Reclusive cleric Gülen’s followers pose biggest threat to Turkey’s Erdogan
At the FEM University Preparation School in Uskudar, a conservative district on the Asian side of Istanbul, young men are quietly receiving specialized coaching in how to pass the exams that give access to the most important jobs in Turkey.
To a casual eye, nothing seems remarkable. As in nearly all Turkish schools, a portrait of modern Turkey’s secular founder Mustafa Kemal Ataturk hangs in every classroom. Ataturk’s address to youth hangs on the wall at the school’s entrance.
There are no visible references either to the religious movement which runs the school, known as Hizmet, or “Service” – or to the movement’s founder, cleric Fethullah Gülen, based in the United States for 14 years. But the teachers are almost all Gülen followers, as are many of the pupils and their parents.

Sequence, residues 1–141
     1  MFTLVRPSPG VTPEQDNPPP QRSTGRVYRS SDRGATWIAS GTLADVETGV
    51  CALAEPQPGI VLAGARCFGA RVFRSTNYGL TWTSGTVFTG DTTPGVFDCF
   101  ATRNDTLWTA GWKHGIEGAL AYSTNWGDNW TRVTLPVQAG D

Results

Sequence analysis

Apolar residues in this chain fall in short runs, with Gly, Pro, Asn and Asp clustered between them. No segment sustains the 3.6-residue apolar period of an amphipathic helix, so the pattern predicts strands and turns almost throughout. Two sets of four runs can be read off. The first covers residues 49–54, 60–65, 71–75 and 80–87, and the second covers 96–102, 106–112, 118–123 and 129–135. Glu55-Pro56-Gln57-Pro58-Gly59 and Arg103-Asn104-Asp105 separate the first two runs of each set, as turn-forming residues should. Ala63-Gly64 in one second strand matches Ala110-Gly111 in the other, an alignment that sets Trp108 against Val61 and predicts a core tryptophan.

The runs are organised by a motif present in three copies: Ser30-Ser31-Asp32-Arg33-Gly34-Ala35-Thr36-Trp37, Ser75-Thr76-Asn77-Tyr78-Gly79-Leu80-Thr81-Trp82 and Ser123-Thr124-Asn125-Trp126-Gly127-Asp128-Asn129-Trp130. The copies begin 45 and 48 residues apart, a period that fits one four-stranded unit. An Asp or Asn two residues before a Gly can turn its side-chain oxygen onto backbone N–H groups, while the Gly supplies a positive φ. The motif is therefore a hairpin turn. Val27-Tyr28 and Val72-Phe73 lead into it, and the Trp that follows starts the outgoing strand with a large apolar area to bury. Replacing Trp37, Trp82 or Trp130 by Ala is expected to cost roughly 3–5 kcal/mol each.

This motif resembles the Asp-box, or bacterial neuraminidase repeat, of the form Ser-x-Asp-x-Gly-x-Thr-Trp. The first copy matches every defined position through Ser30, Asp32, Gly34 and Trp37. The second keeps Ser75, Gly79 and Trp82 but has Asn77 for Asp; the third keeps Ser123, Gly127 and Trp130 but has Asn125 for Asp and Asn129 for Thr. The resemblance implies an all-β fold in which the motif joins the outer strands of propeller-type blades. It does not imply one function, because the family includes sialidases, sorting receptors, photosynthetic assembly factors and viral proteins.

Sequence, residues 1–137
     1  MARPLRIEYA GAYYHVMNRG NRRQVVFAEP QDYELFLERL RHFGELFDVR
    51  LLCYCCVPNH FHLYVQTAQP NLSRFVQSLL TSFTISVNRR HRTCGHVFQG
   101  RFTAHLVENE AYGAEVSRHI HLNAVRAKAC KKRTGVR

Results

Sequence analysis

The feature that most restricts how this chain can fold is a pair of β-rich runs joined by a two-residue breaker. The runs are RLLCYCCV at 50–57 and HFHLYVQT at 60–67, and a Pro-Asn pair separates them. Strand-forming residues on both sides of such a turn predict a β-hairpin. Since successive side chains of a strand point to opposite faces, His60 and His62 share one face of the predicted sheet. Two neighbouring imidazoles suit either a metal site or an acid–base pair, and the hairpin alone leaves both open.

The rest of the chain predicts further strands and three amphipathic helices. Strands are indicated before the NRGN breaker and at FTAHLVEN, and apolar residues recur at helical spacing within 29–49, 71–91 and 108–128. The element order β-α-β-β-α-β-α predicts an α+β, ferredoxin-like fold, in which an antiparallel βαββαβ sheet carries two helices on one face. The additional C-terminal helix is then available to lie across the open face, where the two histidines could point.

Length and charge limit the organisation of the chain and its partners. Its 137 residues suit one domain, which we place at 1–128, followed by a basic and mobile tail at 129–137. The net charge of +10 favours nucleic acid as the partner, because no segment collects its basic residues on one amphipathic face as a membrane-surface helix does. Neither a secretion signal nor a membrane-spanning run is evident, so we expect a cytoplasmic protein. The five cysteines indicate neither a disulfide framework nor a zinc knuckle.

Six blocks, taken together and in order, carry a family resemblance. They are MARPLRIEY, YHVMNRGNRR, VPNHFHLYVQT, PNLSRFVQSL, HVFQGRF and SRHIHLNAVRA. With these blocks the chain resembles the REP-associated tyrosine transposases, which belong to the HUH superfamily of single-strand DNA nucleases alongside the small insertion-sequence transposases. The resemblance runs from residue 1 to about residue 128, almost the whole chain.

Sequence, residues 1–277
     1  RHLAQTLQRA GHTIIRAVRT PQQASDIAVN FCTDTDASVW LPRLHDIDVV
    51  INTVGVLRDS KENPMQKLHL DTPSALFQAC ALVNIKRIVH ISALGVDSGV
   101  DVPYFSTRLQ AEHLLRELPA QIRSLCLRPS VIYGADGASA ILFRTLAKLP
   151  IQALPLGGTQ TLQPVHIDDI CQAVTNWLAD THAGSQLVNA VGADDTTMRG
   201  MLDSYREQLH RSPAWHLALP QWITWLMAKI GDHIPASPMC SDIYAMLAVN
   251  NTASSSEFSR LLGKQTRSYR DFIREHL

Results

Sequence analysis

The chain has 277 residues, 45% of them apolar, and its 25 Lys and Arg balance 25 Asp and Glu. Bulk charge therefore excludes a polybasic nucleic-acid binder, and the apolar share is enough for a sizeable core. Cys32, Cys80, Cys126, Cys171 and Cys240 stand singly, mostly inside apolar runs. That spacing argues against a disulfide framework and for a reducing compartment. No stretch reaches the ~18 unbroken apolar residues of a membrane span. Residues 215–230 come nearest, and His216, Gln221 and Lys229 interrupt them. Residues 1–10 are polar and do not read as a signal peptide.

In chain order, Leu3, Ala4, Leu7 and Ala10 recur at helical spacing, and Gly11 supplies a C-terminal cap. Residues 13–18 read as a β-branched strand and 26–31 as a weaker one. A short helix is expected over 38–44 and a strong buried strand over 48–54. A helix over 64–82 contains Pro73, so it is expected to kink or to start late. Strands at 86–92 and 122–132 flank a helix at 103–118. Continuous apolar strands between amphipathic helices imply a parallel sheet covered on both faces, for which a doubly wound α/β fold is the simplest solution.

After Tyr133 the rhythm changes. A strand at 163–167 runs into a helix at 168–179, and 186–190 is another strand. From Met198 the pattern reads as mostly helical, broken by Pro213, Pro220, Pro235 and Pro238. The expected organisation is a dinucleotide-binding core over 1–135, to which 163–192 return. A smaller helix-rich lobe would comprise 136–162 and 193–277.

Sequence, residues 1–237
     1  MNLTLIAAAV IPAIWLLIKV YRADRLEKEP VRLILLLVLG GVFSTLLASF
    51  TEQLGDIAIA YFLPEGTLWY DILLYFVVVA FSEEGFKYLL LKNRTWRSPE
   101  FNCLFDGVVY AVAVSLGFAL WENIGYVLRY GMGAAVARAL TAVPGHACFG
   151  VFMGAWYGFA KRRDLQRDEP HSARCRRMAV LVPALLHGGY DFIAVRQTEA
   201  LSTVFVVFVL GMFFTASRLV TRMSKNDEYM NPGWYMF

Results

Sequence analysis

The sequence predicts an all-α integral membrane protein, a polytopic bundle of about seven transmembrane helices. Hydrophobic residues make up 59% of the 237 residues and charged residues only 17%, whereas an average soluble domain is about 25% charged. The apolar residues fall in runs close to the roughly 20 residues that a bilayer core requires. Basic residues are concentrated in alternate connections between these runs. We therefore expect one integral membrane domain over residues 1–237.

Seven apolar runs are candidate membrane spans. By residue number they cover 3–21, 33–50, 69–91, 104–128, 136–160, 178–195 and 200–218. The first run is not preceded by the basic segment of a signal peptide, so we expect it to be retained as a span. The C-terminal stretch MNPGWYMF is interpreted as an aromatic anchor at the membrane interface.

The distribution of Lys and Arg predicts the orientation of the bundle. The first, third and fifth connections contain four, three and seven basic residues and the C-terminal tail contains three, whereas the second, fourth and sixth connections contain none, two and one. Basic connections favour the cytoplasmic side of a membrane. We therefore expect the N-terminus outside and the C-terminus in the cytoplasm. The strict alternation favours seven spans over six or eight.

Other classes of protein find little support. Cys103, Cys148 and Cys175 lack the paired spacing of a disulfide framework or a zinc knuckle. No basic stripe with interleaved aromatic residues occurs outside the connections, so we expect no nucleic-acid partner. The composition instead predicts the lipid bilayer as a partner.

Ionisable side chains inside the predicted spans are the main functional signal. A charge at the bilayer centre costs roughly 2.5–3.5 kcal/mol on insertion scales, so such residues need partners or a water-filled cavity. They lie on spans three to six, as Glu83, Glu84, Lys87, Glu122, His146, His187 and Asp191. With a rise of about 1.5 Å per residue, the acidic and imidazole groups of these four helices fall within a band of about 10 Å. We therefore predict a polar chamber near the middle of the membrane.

The government wants to shut schools like this one down, officially arguing that test preparation academies provide an unfair advantage and place a financial burden on families who feel they must pay tuition or their children will under-perform.
But for Gülen supporters, the proposal is just the latest attempt by Prime Minister Tayyip Erdogan to curb a movement that has emerged as a challenge to his domination of the country.
Gülen’s followers are believed to control as many as a quarter of the exam preparation academies in Turkey, giving a seemingly innocuous religious movement an outsized role in shaping the views of the country’s future elite.
“My family directed me here. They wouldn’t want me to go to another prep school, nor would I. They like this movement and want me to be involved too,” said Taha Ramazan Sisman, 18, who says he plans to study medicine when he enters university this year – and then serve the movement upon graduation.